Camelon war veteran Walter Sharp has a special celebration

Walter and his pet pooch Harry the Westie
Walter and his pet pooch Harry the Westie

A Second World War veteran credits the companionship of his dog and “good food” for helping him to reach his 105th birthday.

Camelon man Walter Sharp, who is thought to be the oldest person in Falkirk district, celebrated today’s milestone with his family and trusted sidekick Harry the West Highland Terrier.

He was visited by Provost Billy Buchanan who handed over a congratulatory card from the Queen as well as a D-Day badge, a bottle of whisky and two special glasses featuring the Falkirk Coat of Arms.

Further celebrations are planned for Saturday when Walter will visit one of his favourite Italian restaurants in Kirkcaldy with relatives to order his signature dish — fried eggs and chips!

Reflecting on his new age, he said: “I feel good.

“I don’t feel as spritely but I still get there.

“Everybody stops me and asks me what age I am — the school kids are the best. Nobody can believe you’re 105!”

Born in 50 Glasgow Road, Camelon on August 7, 1914 — just three days after the outbreak of the First World War — Walter was one of five children along with brothers Robert, Jack and William and sister Helen.

After attending Carmuirs Primary School and Camelon High School, he began working at the Carmuirs Iron Works before joining the Army at the age of 26.

Walter earned a clutch of medals in recognition of the service he gave to his country over a six-year period, including France’s Legion of Honour and the African Star, and toured several countries such as Belgium, The Netherlands and Italy.

During his career in the military he would also meet his wife, Doris, who died in 1990, while serving in the Royal Army Ordnance Corps in Surrey.

The thought of being able to return home to Doris for a period was one the Camelon resident still recalls with zeal.

He explained: “We went right through Africa and over to Bari in Italy and that was the best Christmas present I ever got.

“We were all singing Pack Up Your Troubles and this brigadier said, ‘Stop singing that song, you’re going home for the second front’.

“That was in the December but it was the March before we did.”

Walter admits to witnessing various harrowing sights in the line of duty, including 20 men being killed when a bomb landed in Portsmouth on his very first night in the Army.

However, he also has fond memories of his military days, many of which revolve around how pleasantly surprised he was at the fare on offer.

Walter continued: “We thought we would be eating just vegetables in Africa but it was meat and vegetables every day!

“In Italy, there were 12 at a table and if it was good you used to wash the dinner set and go back and join the queue again!”

Walter and his wife had their son Brian, who is now 72, after marrying in Horley in 1944 where the local church bells rang for the first time since being silenced at the start of the war.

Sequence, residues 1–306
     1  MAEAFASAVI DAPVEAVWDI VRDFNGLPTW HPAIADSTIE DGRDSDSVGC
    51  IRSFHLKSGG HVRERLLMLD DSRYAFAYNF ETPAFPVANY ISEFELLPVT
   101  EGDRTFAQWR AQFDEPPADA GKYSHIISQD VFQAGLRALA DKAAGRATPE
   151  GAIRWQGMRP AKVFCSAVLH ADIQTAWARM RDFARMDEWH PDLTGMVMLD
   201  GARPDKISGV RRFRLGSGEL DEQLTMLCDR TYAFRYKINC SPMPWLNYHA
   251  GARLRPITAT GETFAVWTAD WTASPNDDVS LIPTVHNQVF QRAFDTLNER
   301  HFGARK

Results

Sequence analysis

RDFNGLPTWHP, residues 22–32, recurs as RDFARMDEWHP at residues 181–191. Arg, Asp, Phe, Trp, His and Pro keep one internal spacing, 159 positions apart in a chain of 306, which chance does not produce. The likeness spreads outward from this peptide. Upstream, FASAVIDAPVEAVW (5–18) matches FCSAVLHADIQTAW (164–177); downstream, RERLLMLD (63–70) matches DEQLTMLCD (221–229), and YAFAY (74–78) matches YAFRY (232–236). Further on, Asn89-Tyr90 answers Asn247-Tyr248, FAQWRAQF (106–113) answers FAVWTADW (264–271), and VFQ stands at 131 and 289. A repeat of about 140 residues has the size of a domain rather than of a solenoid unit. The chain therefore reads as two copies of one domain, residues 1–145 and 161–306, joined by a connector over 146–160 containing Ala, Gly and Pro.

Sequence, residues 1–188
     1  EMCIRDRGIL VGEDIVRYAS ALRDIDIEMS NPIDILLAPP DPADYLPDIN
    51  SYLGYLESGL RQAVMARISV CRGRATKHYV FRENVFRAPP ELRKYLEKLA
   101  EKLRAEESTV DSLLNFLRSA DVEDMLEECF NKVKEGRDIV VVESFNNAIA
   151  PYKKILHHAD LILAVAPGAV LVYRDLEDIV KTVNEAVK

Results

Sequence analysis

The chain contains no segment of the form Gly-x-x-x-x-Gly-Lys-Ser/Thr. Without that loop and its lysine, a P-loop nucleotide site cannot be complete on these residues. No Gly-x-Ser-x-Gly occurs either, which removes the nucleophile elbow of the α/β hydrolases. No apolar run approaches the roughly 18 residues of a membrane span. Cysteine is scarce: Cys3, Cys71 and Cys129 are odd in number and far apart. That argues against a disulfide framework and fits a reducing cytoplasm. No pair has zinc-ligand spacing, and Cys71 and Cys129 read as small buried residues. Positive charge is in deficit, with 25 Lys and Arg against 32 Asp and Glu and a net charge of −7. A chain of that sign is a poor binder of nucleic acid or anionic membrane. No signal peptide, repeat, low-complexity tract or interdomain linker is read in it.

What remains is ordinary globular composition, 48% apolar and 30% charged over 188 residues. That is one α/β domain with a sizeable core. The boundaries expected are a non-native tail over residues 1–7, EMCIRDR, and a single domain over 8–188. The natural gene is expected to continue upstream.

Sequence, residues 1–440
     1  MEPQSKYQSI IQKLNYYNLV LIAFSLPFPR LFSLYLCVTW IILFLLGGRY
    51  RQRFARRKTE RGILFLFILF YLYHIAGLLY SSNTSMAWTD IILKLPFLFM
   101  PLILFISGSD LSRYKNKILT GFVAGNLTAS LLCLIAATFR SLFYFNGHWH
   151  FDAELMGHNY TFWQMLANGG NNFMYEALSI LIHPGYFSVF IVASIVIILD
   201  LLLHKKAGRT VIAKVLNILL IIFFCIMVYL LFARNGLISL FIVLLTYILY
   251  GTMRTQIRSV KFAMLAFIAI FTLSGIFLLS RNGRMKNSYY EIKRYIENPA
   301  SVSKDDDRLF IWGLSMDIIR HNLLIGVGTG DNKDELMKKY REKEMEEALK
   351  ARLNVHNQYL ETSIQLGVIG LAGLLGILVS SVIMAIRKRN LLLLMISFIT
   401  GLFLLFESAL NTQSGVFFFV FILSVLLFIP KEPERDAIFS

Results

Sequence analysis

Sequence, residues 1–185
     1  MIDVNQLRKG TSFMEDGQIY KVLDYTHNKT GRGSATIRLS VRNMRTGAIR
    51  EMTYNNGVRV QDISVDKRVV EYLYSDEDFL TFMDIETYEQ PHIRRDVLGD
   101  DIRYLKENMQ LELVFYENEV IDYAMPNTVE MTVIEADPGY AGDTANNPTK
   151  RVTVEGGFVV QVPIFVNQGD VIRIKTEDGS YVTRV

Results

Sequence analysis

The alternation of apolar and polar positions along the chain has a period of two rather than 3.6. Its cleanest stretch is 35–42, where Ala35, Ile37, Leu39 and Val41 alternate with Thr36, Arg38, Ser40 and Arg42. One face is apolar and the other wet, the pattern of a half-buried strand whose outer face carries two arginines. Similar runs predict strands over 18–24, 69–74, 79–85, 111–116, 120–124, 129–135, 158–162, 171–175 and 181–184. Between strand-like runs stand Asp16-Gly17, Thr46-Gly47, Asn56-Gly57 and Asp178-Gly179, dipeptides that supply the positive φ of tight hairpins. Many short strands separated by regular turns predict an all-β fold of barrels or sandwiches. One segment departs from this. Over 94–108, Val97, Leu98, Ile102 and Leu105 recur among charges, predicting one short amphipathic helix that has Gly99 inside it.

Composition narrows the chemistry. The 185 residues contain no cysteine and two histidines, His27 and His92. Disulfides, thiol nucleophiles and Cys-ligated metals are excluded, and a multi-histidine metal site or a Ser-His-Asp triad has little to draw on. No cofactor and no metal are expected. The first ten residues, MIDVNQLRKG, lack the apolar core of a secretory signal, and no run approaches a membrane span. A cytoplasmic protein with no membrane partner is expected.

A role with Carmuirs Iron Works remained open upon his return home from the frontline.

Walter was made redundant for a short time when the factory closed its doors for good in 1967 but he soon afterwards secured work with bus builder Alexander Dennis as a storeman before taking retirement.

Up until a few years ago he was jokingly known as the world’s oldest paper boy as he would get up at 6.30am every day to deliver newspapers to his neighbours in Camelon’s Carmuirs Avenue, where he still lives.

When he wasn’t putting in a shift, the avid East Stirlingshire FC supporter would regularly go to watch the club’s home matches with Brian and was also known to spend his spare time gardening.

Son Brian beamed with pride as he spoke of his dad’s latest milestone at his Polmont home where he and wife Catherine welcomed Walter for a small family gathering to mark the occasion.

Brian said: “I’m very proud.

“He’s registered blind and got a hearing aid but considering he’s 105 he’s doing not bad!

“He dresses himself when he gets up, he runs his own bath, he goes a short walk with the dog up to the shops. He was also one of the first in Scotland to get the French Legion of Honour in 2015.”

It’s a well-known fact within the family that Walter doesn’t go anywhere without his pet pooch and vice versa.

As well as providing company, Harry provides comfort for the Sharps, as Brian explained: “Harry is my dad’s second Westie.

“Rory the first dog lived for 15 years and the strange thing was we discovered he was born on the day my mother died. On Harry’s birthday next year he’ll be 15 and that in dog years is 105!”

Daughter-in-law Catherine paid tribute to the part the Westie plays in supporting Walter.

She said: “Walter and Harry keep each other going! It’s amazing, he’s so fit and still able to live in his own home.”
Walter has celebrated many a milestone with Harry in his later years.

The significance of their bond isn’t lost on him.

Walter made that much clear when he revealed his secret to a long and happy life.

He said: “I’ve got a good wee dog to keep me happy — and I like good food.”